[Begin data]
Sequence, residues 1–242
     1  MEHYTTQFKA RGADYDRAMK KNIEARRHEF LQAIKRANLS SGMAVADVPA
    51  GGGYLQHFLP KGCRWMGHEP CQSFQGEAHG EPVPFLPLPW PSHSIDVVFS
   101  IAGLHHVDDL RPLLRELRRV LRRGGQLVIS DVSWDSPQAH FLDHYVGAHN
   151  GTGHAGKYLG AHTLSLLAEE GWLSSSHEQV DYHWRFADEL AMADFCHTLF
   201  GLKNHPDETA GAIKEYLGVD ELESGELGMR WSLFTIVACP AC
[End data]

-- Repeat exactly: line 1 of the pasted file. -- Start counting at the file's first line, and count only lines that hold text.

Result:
Sequence, residues 1–242